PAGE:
They found what they were looking for at Kawasaki Robotics in Neuss. The managers of both companies got to know each other at a trade fair where “we were very impressed by the expertise of the Kawasaki sales engineers”, says Forster.
After detailed consultation with Kawasaki sales manager Carsten Stumpf, the Relyon developers opted for the six-axis RS005L robot. With a net weight of 35 kilograms, this device carries a payload of five kilograms, has a repeat accuracy of ± 0.03 millimetres and a reach of over 900 millimetres. The robot can be mounted as a stand-alone device on a worktable or suspended from the wall or ceiling of a robot cell, so that the work area underneath remains free for large-volume workpieces. All axes of the robot, which is controlled by an E71 controller as standard, are IP65 protected, the wrist axis even IP67.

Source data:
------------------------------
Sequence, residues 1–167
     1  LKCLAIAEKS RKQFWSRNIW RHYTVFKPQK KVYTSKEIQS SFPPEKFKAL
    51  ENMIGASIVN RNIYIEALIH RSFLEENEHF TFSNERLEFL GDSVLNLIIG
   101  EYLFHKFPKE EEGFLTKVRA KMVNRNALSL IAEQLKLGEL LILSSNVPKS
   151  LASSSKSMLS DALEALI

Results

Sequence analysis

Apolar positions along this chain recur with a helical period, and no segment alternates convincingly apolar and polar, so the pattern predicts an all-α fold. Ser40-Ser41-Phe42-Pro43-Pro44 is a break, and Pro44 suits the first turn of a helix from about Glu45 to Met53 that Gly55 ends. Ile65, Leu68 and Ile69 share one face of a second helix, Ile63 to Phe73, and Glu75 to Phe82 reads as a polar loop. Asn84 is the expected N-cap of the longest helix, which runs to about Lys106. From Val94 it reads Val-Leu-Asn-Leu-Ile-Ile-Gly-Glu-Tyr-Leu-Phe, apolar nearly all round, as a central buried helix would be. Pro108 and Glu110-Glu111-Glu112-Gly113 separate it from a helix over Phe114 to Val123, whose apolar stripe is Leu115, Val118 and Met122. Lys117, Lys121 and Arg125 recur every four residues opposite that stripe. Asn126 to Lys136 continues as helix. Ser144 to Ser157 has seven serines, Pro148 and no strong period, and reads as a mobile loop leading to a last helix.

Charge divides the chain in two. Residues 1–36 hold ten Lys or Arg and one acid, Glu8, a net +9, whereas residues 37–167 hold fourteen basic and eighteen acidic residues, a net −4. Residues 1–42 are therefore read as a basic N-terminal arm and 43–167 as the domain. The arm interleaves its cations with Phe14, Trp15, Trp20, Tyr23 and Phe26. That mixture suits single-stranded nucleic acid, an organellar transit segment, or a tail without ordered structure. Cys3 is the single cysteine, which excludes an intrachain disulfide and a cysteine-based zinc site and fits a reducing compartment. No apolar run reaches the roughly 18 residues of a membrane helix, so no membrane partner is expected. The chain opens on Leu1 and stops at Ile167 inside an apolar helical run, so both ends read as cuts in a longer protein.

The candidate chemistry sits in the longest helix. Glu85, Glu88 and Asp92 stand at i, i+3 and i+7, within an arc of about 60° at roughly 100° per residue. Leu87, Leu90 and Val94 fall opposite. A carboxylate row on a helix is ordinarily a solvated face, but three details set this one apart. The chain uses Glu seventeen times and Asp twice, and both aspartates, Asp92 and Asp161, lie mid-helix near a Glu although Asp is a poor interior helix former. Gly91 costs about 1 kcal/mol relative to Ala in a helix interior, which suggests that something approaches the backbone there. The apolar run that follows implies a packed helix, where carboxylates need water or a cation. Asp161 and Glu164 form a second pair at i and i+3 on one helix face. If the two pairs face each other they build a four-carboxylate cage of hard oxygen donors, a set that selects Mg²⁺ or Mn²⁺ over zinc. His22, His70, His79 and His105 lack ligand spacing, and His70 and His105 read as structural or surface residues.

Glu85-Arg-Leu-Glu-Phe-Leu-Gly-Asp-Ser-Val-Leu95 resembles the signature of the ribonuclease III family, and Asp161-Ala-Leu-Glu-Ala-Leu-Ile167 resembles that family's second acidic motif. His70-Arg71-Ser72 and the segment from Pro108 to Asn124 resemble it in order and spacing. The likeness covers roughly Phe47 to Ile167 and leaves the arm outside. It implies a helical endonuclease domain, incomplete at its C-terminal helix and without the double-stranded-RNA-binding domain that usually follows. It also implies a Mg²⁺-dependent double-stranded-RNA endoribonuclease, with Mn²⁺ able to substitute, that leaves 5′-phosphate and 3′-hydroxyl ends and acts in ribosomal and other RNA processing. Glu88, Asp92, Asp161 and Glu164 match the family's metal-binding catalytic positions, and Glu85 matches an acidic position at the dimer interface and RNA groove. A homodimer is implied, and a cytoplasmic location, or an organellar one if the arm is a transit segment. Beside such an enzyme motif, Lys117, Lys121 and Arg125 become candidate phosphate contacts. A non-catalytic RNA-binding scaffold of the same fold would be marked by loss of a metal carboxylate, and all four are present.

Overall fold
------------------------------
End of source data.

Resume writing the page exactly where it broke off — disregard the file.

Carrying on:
According to Forster, the RS005L complies: all our requirements in the best possible way. There’s nothing to be complained about the robot’s dynamics, although we’ve driven it pretty hard in one or two tests. Due to its axis geometry, it can precisely position the nozzle of our plasma generator on every point of the workpiece to be treated with plasma and thus even move complex three-dimensional contours.”
In terms of communication technology, Relyon Plasma relies on the CAN bus because CAN protocols have established themselves in a wide variety of industries due to their high data security. However, Relyon ensures compatibility with other fieldbus protocols such as Profibus, Profinet, Devicenet and so on.